Once the student has agreed that counseling might be useful, there are several possible steps to take, depending on the student's attitude and the urgency of the situation.

Give the student information about the counseling centers and urge him or her to call.
Offer to let the student call from your office right then, so that a public commitment will have been made.
Accompany the student yourself to make sure he or she arrives at the counseling center, and provide the center with any necessary information. The counseling center staff will appreciate your calling ahead if the student is being brought over or sent directly, so that plans can be made to have a counselor available.
Although most students are ambivalent about counseling, it is important that the student really want help at this point. Coercing a student to go to counseling is not likely to have positive results in the long run. Generally, unless there is some immediate concern about the welfare of the student or others, it is better to try to maintain your relationship with the student rather than to force him or her to go to the counseling center. The idea can be brought up again later.

After The Referral Is Made
When a student goes to a counseling center (or calls), an appointment will be made for an initial interview. This will usually be held within a few days from the time the student makes contact, depending largely on flexibility of the student's schedule. In an emergency, as defined either by you or the student, arrangements will be made to see the student that same day, usually within an hour or so.
The initial interview is intended to learn what is troubling the student, and to assess what services would be most helpful - e.g., individual or group counseling or referral to a more appropriate service.

If ongoing counseling is appropriate, regular appointments will be scheduled, usually 45 to 60 minutes once a week. At busy times of the year, it may be two weeks or so before regular appointments begin, but students are encouraged to let the office know if they feel too distressed to wait.

Working With Students Yourself
In some cases, students who seek your help or arouse your concern may work more effectively with you rather than being referred to counseling. Your willingness to listen may be very important to those students. You may also choose to work with the student on improving his or her academic work without focusing on the psychological issues that underlie the behavior. A psychologist at any counseling center can be consulted on how to best handle either of these approaches or how to make a referral.

Campus Counseling Centers
All centers are staffed primarily by clinical or counseling psychologists, with graduate students under supervision seeing some clients after screening. Services are free to students, and strict confidentiality is maintained in accordance with ethical standards and the law. New Brunswick counseling centers are:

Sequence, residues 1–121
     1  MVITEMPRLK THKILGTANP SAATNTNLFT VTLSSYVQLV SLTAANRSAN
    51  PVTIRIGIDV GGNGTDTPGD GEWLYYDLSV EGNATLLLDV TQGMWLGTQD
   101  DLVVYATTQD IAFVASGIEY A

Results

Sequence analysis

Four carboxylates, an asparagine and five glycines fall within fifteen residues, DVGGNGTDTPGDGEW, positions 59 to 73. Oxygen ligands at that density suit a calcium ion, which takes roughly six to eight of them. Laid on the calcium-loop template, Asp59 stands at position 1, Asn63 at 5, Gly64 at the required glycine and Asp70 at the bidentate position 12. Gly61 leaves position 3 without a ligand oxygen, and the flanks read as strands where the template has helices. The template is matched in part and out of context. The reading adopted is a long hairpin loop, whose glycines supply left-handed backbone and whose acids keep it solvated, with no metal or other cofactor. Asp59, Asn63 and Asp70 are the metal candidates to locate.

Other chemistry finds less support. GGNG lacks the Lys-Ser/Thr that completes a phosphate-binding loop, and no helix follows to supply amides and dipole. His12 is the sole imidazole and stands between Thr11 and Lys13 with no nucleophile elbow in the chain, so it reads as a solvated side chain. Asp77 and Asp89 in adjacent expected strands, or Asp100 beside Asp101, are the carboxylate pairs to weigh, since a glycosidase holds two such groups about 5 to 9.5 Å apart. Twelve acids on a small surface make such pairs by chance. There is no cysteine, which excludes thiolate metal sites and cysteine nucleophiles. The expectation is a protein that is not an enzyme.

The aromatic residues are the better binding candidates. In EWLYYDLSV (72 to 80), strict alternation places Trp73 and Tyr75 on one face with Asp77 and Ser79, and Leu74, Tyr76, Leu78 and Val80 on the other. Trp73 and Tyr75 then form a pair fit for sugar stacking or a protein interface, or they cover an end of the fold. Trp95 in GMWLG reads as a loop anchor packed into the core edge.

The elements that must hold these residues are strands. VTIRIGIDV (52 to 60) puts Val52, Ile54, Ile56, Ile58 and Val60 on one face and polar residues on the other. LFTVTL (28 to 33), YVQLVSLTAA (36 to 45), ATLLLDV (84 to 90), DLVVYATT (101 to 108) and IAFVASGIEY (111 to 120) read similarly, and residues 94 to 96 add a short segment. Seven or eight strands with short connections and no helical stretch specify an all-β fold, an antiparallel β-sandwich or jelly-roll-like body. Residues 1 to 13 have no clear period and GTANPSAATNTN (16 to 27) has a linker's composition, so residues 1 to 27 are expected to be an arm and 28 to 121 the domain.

Rutgers College Counseling Center, 17 Senior Street (932-7884)
Cook College Counseling Center, Cook Campus Center (932-9150)
Douglass College Psychological Services, Federation Hall (932-9070)
Livingston College Counseling Center, Tillett Hall, Room 247 (445-4140)
University College Office of Counseling and Student Affairs, 14 College Avenue (932-8074)
In general, an undergraduate student should be referred to the counseling center affiliated with his or her college. Graduate students may go to any center except Livingston.

Each office has specific programs to help the population it serves, such as eating disorder groups at Douglass and Rutgers, and divorce mediation at University College. The offices work together so that students can be referred back and forth as needed.

Each counseling center offers short-term psychotherapy, individual and group. In addition, crisis intervention is available, and a few students are seen for longer term therapy under special circumstances. Students may seek help for a range of problems in their lives, from minor situational crises to longstanding psychological issues that cause major disruptions. In most cases, students needing longer-term care will be referred to other agencies.

Counseling centers also offer various psychological education programs on such topics as assertiveness, effective communication, interpersonal relationships, stress management and test anxiety. Counseling staff are available to consult with faculty, staff, or student groups on organizational issues and to provide training in helping skills, conflict management, or other areas of human relations. Following a traumatic event such as the death of a student, counseling staff can provide post-crisis intervention in various ways.

Rutgers Student Health Services
Mental health services are available at each of the Health Centers, and include psychiatric evaluation, medication, and psychotherapy. The Alcohol and Other Drug Assistance Program for Students offers help for students for whom substance abuse by themselves, their parents, or others is a problem.